Re: revised "generic syntax" internet draft

Francois Yergeau (
Mon, 14 Apr 1997 12:15:51 -0400

Message-Id: <>
Date: Mon, 14 Apr 1997 12:15:51 -0400
To: "Roy T. Fielding" <fielding@kiwi.ICS.UCI.EDU>
From: Francois Yergeau <>
Subject: Re: revised "generic syntax" internet draft 
In-Reply-To: <>

À 22:55 13-04-97 -0700, Roy T. Fielding a écrit :
>Draft 04 does not have any such omission.  Non-ASCII characters are not
>allowed in URLs, period.

This is exactly the point: non-ASCII characters are used routinely, and
your insistance on saying otherwise in the spec doesn't change the facts.

>  Any application that transmits a URL in
>non-ASCII characters is declared non-compliant.

You are confusing characters and bytes.  While you may want to restrict the
transmitted bytes to 7 bits (but again, why?), you cannot restrict the
range of characters.  Hence a full mapping is required, not ASCII-only.
The current spec omits that mapping.

>>A bit preposterous, isn't it?  *Your* opinion alone is enough to break any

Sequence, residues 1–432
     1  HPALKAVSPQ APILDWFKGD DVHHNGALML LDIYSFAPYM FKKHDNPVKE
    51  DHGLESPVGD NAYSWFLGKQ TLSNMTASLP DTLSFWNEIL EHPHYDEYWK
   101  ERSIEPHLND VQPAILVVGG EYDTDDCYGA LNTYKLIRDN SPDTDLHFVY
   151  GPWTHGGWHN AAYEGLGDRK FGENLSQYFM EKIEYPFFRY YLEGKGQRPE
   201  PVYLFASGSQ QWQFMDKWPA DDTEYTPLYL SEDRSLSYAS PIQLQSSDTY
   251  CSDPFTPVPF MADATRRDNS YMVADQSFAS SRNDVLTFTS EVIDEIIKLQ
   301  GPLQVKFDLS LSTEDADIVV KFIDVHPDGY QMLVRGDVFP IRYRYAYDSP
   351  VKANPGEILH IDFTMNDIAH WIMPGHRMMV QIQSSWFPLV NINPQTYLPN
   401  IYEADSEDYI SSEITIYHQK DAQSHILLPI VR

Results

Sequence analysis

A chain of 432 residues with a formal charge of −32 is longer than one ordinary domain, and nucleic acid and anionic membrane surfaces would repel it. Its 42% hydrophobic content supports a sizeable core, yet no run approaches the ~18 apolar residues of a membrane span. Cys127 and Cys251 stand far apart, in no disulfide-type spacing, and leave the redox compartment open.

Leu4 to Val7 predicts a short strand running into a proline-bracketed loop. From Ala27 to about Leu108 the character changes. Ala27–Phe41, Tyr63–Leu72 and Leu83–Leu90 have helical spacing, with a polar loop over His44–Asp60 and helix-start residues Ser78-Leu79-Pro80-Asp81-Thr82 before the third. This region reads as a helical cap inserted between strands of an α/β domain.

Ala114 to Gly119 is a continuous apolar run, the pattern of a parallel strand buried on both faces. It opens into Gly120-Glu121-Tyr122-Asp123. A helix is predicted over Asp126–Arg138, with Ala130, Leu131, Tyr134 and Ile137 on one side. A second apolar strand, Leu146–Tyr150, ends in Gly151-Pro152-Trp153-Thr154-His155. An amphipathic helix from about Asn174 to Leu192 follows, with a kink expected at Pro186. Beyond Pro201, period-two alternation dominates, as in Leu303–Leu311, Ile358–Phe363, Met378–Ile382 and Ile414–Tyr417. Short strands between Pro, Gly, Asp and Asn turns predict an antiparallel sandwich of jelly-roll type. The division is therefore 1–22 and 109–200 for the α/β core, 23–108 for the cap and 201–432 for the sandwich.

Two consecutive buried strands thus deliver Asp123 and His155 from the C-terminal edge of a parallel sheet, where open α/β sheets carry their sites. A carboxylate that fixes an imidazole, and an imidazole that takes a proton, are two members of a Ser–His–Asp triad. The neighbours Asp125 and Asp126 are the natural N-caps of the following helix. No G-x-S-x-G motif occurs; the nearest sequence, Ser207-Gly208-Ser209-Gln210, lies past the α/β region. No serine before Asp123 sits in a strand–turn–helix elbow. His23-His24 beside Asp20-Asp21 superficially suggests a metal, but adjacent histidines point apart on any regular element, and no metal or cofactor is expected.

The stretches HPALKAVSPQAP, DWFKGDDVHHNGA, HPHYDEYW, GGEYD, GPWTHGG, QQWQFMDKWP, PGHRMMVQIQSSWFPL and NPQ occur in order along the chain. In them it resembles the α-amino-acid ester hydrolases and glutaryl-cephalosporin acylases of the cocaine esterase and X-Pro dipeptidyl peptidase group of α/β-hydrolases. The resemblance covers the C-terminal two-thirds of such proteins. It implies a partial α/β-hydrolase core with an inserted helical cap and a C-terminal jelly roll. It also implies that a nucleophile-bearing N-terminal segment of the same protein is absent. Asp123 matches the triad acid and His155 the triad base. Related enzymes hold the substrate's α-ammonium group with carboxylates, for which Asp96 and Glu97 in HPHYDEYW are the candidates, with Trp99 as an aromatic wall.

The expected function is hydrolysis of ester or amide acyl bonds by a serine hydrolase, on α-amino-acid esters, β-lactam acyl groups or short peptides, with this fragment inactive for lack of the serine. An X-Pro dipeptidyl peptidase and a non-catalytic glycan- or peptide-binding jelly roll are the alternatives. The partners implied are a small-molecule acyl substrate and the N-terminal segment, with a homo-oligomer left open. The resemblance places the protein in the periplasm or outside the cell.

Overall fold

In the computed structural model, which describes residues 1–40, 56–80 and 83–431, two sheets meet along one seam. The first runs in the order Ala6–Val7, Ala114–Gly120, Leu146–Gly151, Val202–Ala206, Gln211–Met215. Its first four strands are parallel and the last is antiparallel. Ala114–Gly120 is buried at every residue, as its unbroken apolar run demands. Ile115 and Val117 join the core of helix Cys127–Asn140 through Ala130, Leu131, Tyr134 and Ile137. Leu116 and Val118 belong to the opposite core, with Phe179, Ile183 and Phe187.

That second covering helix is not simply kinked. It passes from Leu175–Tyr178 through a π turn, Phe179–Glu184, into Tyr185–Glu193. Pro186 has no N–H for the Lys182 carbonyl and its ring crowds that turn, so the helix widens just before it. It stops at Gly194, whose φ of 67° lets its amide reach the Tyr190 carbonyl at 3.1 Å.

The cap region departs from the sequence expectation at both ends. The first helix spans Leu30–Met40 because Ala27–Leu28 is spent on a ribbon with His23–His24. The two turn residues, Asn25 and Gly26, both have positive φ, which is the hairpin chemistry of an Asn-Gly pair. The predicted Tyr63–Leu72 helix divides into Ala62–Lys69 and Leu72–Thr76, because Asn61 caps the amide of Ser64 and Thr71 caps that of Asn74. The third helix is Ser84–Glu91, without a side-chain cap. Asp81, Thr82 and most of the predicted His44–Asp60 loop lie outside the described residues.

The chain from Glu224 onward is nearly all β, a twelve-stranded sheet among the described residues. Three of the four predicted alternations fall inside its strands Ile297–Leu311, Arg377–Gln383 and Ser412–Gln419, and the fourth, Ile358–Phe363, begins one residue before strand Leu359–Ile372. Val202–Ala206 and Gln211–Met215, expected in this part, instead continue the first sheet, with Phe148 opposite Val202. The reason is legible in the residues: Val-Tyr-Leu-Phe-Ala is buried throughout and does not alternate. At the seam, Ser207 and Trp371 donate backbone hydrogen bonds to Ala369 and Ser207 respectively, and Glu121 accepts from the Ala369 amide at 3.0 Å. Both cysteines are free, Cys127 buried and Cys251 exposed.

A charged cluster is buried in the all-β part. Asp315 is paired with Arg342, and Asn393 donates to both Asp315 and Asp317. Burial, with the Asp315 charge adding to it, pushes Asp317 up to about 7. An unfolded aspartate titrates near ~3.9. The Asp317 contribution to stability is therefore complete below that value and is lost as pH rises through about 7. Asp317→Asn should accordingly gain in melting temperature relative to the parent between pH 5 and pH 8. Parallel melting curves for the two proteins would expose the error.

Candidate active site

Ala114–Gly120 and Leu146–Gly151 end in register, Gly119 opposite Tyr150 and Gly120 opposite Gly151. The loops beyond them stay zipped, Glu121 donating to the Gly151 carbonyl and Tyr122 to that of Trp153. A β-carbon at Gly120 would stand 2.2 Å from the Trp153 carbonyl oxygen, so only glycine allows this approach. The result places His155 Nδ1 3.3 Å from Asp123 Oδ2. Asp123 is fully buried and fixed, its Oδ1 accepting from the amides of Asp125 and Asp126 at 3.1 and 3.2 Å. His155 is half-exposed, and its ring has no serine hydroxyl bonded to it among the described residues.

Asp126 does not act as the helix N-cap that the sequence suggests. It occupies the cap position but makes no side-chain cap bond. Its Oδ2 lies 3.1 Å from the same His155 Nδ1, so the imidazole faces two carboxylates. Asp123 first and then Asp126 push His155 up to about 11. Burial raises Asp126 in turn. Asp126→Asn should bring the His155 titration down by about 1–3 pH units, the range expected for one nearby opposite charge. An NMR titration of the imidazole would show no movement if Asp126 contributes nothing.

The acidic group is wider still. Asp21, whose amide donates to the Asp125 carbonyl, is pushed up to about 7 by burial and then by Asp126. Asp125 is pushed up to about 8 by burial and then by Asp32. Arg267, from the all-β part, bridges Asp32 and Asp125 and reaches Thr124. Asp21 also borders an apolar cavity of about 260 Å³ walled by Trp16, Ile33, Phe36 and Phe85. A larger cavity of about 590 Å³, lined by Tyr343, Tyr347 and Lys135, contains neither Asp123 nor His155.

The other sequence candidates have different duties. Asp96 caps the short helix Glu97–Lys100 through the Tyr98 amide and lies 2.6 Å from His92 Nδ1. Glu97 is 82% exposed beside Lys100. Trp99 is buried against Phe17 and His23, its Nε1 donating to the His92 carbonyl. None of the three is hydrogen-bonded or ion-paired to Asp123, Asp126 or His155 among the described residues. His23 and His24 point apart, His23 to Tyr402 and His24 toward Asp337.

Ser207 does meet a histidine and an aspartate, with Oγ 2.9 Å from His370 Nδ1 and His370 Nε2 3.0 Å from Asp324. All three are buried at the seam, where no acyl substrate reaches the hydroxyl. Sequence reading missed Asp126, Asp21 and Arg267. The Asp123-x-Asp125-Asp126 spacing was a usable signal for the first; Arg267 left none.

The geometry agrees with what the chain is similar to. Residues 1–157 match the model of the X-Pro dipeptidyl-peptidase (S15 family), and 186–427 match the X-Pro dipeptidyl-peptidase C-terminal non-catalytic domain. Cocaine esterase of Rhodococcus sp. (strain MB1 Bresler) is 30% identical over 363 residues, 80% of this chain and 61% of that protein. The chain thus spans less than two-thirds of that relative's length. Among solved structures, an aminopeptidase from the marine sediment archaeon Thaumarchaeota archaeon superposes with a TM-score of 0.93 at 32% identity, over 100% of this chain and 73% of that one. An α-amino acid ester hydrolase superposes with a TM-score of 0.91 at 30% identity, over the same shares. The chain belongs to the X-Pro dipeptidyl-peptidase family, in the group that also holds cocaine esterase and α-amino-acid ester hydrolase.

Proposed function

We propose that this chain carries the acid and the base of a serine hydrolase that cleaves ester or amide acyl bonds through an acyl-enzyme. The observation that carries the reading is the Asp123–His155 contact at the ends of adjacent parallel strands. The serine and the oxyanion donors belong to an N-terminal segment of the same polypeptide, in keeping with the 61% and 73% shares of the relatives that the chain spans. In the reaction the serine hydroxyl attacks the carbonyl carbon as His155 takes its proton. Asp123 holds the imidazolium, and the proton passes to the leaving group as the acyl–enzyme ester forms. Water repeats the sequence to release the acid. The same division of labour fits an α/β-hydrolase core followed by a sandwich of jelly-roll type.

>Yes, it is.  That is the difference between "consensus" (what Martin
>was claiming) and "rough consensus".

Now you are confusing "consensus" and "unanimity".  Furthermore, Martin was
clearly referring to the rough consensus mentionned in the Internet
standards process, since we are discussing an Internet draft.

>   These design concerns are not always in alignment.  For example, it
>   is often the case that the most meaningful name for a URL component
>   would require characters which cannot be typed on most keyboards.
>   The ability to transcribe the resource location from one medium to
>   another was considered more important than having its URL consist
>   of the most meaningful of components.  In local and regional
>   contexts and with improving technology, users might benefit from
>   being able to use a wider range of characters.  However, such use
>   is not guaranteed to work, and should therefore be avoided.
>Your comments have done nothing to change the conclusions already
>represented within the draft.

These are not conclusions, only your opinions as editor of the draft.  You
consider typability more important than recognizing the widespread use of
non-ASCII characters, yet a number of people have expressed an opposite
opinion, to the point where something ressembling a rough consensus in that
direction has appeared.  I am not aware that your position as editor gives
your opinions precedence, or gives you the right to call them conclusions
when they are not.

François Yergeau <>
Alis Technologies Inc., Montréal
Tél : +1 (514) 747-2547
Fax : +1 (514) 747-2561